A lack of prison places means some offenders are released halfway through their sentences, Chris Grayling said.

The justice secretary was in Huddersfield yesterday with Colne Valley MP Jason McCartney for a question and answer session with Greenhead College students.

He also spoke to the Examiner about recent, high-profile cases.

After hearing from Mr McCartney about the tragic death of Meltham cycling champion John Radford, Mr Grayling said: “Clearly this is a very tragic case and my heart goes out to his family.”

John Radford
John Radford
 

Holmfirth driver Michael Gledhill had been convicted of causing serious injury by dangerous driving shortly before Mr Radford died and a possible new charge may now be considered.

“It will be a decision for the CPS and they will look at the conviction in light of the change of circumstances and it is right they do so.

“More generally, we are looking at a new way of dealing with dangerous driving matters and whether there needs to be a more serious penalty.”

The minister touched on the debate surrounding the release of footballer Ched Evans halfway through his five year sentence.

Ched Evans
Ched Evans
 

And while Mr Grayling would not be drawn further on the case, he said: “Generally speaking I am not a fan of automatic early release and we have set down rules that limit that for more serious offenders, child rape and terrorism, for example.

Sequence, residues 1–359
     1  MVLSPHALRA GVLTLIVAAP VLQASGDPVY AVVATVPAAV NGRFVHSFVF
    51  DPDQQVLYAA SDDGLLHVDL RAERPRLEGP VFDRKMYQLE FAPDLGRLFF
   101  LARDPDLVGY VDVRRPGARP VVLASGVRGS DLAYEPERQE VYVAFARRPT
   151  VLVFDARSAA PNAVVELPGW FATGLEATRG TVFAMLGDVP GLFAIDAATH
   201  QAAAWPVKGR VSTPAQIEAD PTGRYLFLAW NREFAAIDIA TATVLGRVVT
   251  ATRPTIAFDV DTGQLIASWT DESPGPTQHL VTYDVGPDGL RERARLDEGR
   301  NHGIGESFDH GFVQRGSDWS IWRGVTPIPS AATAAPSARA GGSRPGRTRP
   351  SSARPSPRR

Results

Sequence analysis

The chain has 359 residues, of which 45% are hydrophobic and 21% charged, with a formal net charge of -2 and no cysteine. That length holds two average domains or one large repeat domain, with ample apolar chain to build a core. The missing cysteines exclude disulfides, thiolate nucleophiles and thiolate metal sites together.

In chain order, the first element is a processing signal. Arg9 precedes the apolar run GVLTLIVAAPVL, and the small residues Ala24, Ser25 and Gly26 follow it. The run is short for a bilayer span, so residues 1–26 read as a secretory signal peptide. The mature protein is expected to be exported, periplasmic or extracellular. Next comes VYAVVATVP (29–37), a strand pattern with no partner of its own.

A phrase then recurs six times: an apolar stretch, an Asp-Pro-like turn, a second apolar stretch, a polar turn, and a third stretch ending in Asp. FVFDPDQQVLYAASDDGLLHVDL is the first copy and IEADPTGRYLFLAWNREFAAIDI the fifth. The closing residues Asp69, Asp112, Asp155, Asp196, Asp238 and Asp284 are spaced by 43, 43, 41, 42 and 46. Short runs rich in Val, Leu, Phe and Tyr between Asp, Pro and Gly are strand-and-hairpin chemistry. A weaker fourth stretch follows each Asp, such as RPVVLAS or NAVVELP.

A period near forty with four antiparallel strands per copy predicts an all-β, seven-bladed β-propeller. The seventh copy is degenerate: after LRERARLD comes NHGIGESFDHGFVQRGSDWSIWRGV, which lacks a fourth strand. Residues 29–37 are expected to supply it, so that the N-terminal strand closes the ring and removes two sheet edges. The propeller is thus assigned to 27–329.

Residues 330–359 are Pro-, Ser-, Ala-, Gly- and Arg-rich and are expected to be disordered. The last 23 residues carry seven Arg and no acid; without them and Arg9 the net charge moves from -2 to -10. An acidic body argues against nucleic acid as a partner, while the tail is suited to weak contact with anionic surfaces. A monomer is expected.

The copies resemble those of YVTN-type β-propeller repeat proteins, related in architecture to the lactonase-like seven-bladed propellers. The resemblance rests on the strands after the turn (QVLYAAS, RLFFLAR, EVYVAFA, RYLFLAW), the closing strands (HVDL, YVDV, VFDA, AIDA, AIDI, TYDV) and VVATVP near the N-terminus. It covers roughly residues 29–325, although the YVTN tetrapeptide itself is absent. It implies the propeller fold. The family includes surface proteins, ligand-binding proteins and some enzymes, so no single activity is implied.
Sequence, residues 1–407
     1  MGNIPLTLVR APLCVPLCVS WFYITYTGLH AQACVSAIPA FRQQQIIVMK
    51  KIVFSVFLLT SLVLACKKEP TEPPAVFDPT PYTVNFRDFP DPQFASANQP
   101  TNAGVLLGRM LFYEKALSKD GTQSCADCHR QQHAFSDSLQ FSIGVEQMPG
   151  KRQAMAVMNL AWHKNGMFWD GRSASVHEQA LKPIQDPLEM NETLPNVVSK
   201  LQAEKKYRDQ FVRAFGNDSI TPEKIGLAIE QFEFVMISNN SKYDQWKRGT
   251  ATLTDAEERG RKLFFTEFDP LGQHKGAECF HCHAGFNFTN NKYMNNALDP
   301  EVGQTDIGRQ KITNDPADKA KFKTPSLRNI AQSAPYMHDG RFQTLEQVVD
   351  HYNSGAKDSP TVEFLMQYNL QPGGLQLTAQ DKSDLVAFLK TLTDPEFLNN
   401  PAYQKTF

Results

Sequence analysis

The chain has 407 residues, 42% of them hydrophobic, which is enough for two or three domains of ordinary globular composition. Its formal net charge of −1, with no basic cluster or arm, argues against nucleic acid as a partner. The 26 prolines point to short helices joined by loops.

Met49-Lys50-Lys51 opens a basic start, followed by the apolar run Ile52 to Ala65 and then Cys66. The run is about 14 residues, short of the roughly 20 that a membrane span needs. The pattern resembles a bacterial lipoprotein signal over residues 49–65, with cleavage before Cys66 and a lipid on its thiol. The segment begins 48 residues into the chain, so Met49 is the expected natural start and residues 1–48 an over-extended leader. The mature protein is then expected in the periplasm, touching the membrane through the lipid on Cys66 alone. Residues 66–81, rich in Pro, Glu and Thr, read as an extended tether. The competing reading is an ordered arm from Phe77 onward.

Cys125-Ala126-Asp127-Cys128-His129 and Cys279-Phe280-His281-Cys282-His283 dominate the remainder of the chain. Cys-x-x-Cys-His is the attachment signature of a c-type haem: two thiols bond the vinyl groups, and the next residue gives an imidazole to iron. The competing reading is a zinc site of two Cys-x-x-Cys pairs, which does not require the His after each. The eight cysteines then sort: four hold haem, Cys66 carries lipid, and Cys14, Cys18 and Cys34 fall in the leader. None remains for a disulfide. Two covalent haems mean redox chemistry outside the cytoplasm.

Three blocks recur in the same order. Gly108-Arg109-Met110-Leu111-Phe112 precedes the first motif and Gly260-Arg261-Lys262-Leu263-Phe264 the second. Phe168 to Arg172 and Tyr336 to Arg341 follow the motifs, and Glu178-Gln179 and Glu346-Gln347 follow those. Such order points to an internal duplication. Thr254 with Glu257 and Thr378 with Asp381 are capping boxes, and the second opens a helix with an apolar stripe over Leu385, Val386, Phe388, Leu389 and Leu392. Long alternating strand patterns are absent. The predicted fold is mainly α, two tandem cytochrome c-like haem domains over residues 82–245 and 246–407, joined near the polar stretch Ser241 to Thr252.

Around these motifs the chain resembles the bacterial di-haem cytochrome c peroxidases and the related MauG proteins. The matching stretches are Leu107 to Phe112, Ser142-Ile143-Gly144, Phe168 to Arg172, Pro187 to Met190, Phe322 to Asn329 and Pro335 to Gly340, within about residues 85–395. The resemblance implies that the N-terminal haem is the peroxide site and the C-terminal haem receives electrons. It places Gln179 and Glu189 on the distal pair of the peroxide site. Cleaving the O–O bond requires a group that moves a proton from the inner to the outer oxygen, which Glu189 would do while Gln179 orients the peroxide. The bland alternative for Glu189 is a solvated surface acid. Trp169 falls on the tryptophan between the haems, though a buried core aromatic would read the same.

“I would like, going forward and where resources permit, to do what I can to limit early release but I haven’t got enough prison places to do that right now.

“At the moment we have a system of early release where you spend half in prison and the remainder on probation.

“I know the Ched Evans case is very high profile and as it’s my department I have to be very careful in passing comment. Of course, I abhor rape and agree offenders should be dealt with in the strongest possible way. Cases need to be looked at individually, but I can’t enter more into this debate because I am responsible for the system which it’s part of.”

Colne Valley MP Jason McCartney, a Huddersfield Town fan, said: “I totally agree with the rehabilitation of offenders, but I wouldn’t want Ched Evans playing for my team. Not everyone can walk back into their job after conviction.”

Justice Secretary Chris Graying visits Greenhead College, Huddersfield
Justice Secretary Chris Graying visits Greenhead College, Huddersfield
 

Mr Grayling’s visit came as it was revealed his department was spending £15m on private probation consultants.

He explained: “This is actually about how we support offenders whose sentence is less that 12 months.

“As it stands they are released with £46 and nothing else, no support or guidance, nobody looking at where they are going and, in most cases, it is easy for them to reoffend.

“This is about making sure the person that prepares them for release is the person looking out for their interests once they are released so they don’t reoffend.

“Of course, we want the justice system to be tough so victims feel justice has been done, but we also need an enlightened approach to support offenders when they leave prison.”